Gordon Campbell | Parliament TV | Parliament Today | News Video | Crime | Employers | Housing | Immigration | Legal | Local Govt. | Maori | Welfare | Unions | Youth | Search

 


Home detention in unlawful migrant case

Media release

31 January 2013


Home detention in unlawful migrant case

The sentencing of a contractor in the horticulture industry for hiring unlawful migrant workers who were all paid below the minimum wage sends a strong message to employers who may contemplate employing migrants who are not entitled to work in New Zealand.

Bun Thuon Lam, a Vietnamese national with New Zealand residence, pleaded guilty to five charges under the Immigration Act relating to aiding and abetting people to remain in New Zealand unlawfully or to breach a condition of their visa. He has been sentenced at Nelson District Court to nine months’ home detention and 200 hours community work and ordered to pay reparation of $10,000, to be divided between the six workers involved.

The court heard that Lam employed the six in the horticulture industry in the Tasman region knowing they were unlawfully in New Zealand. The workers were not paid the minimum wage for the hours they had worked, were not paid regularly and were not paid any holiday pay. None of the workers had employment contracts and no wage or time records were kept.

A Labour Inspector analysis of the hours worked by the workers estimated they were underpaid between $5,000 and $7,000 each.

The Labour Inspectorate had previously taken Lam to the Employment Relations Authority (ERA). In May 2011 the ERA ordered Lam to pay five of the workers a total of $36,938.16 in respect of unpaid wages, minimum wage arrears, public holiday pay, failing to provide individual employment agreements and making deductions from pay without obtaining written authority from the employees.

Immigration New Zealand’s Acting Fraud and Compliance Manager, Dean Blakemore, says that the employment of unlawful migrant workers will not be tolerated. “This case shows that the consequences of such behaviour are serious,” he says. “We will take swift action against any employer who is involved in such activity.”

Mr Blakemore says the case is a good example of close collaboration between INZ fraud and compliance staff and the Labour Inspectorate in the wider Ministry of Business, Innovation and Employment.

“The Ministry is treating this issue as a priority and INZ and Labour Inspectors’ compliance activity is being increased,” he says. “Most employers and most migrant workers are complying with the laws of New Zealand – they are being undermined, and New Zealand’s reputation sullied, by some who are breaking the law.”

ENDS

© Scoop Media

 
 
 
 
 
Parliament Headlines | Politics Headlines | Regional Headlines

2040 Target And Lower Standards: “Swimmable” Rivers Five Times More Likely To Make You Sick

Forest & Bird has condemned the government’s new water quality standards, warning New Zealanders that they lock in current levels of water pollution and allow for a 5-fold increase in the chance of getting sick from swimming in a river.

“Despite an explicit assurance from Minister Smith that the new water standards would provide for human and ecosystem health, he has failed to deliver on either of these things,” says Forest & Bird CEO Kevin Hague. More>>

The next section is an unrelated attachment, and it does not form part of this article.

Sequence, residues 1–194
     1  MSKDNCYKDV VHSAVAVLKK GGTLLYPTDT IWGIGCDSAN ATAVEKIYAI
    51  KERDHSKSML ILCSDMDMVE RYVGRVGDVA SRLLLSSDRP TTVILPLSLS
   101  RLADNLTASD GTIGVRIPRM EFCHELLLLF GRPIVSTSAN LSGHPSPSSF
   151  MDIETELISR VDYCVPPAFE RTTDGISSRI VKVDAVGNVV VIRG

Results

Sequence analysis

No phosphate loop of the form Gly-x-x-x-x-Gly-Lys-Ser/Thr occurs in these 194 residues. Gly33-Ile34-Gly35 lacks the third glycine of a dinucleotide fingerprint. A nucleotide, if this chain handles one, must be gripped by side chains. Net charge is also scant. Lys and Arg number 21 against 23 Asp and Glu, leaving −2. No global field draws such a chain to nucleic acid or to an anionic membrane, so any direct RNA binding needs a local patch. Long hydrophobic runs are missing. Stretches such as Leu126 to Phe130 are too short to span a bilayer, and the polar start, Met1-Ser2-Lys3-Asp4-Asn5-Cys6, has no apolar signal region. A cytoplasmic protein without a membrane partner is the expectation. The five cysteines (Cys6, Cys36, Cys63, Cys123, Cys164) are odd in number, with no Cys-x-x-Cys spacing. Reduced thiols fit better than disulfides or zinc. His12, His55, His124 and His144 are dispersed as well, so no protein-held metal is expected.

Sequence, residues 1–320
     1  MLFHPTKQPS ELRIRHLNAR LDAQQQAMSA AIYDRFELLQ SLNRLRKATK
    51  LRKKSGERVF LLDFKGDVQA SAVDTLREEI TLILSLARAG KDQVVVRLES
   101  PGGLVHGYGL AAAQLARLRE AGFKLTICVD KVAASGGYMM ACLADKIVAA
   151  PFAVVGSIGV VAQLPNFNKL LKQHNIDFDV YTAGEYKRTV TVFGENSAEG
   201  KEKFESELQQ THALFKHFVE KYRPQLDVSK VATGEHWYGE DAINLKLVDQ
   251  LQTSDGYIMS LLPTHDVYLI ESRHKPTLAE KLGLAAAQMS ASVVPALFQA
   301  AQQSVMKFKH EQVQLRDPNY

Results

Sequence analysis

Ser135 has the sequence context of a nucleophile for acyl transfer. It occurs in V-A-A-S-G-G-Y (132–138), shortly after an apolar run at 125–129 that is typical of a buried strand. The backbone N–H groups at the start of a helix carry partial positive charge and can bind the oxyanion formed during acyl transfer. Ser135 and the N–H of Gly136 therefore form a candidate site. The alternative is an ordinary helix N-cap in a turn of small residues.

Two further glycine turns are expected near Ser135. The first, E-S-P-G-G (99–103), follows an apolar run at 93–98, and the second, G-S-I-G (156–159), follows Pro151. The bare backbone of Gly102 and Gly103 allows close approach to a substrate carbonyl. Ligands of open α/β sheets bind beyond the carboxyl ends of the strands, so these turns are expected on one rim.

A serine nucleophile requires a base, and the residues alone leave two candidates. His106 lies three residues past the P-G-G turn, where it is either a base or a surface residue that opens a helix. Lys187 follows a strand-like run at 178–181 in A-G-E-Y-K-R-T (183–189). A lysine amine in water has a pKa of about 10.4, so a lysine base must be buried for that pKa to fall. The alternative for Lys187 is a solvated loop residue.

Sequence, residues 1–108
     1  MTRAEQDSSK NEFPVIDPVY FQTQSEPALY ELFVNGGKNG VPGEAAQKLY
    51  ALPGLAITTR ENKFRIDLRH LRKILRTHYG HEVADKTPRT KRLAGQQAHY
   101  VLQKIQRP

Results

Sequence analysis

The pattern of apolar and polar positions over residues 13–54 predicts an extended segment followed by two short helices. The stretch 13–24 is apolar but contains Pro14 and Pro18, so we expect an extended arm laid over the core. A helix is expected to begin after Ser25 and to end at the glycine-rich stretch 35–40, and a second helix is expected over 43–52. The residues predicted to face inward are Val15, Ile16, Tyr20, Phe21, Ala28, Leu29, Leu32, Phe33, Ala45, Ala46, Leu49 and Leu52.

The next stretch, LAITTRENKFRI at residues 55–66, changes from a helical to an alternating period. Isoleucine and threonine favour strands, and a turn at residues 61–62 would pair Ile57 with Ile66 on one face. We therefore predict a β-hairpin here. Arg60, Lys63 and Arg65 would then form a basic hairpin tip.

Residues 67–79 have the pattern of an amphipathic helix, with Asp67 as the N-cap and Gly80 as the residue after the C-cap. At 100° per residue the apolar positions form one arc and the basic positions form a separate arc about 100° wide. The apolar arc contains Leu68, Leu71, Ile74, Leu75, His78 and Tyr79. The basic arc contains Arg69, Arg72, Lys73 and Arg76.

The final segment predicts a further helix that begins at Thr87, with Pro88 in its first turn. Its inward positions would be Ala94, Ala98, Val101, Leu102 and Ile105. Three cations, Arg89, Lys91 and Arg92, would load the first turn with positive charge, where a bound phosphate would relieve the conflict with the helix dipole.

Mayor: 750 New Social And Affordable Homes For Wellington

The next stage of Wellington’s Housing Upgrade Programme will see at least 750 new units of social and affordable housing built over the next decade, Mayor Justin Lester has announced. More>>

ALSO:

22/2: Christchurch Quake Memorial Unveiled

A city, a region, a nation and an international community impacted by the Canterbury Earthquakes will come together to mark the sixth anniversary of the deadly quake and dedicate Oi Manawa Canterbury Earthquake National Memorial. More>>

ALSO:


November Quakes:

Gordon Campbell: On The Mana-Maori Party Deal

If the self-interest involved wasn’t so blatant, the electorate deal between the Maori Party and Hone Harawira would be kind of poignant. It’s a bit like seeing the remaining members of Guns’n’Roses or the Eagles back on the road touring the nostalgia circuit… playing all the old hits of Maori unity and kaupapa Maori politics. More>>

ALSO:

Private Provision: First Social Bond To Focus On Mental Health

New Zealand’s first social bond will help around 1700 people with mental illness into work, Finance Minister Steven Joyce and Social Investment Minister Amy Adams say. More>>

ALSO:

Immigration: Short Reprieve For Nine Indian Students

A temporary hold on deportations of nine Indian students is a step in the right direction but the Government urgently needs to implement safeguards to stop further injustices to more international students, the Green Party says. More>>

EARLIER:


Megaupload Case: High Court Rules Dotcom, Co-Accused Eligible For Extradion

Internet entrepreneur Kim Dotcom and his three co-accused are eligible for extradition to the United States, New Zealand's High Court ruled... Justice Murray Gilbert upheld a decision by the District Court that there were grounds for Dotcom, Mathias Ortmann, Bram van der Kolk and Finn Batato to be extradited. More>>

ALSO:

PREVIOUSLY:

Port Hills Fire: Midday Update, Monday 20 February

• 9 homes destroyed
• 2 homes with partial damage. Damage includes things like cracked windows, heat damage.
• 3 properties with damage to other external structures e.g sheds or outbuildings More>>

ALSO:

Get More From Scoop

 

LATEST HEADLINES

 
 
 
 
 
 
 
 
Politics
Search Scoop  
 
 
Powered by Vodafone
NZ independent news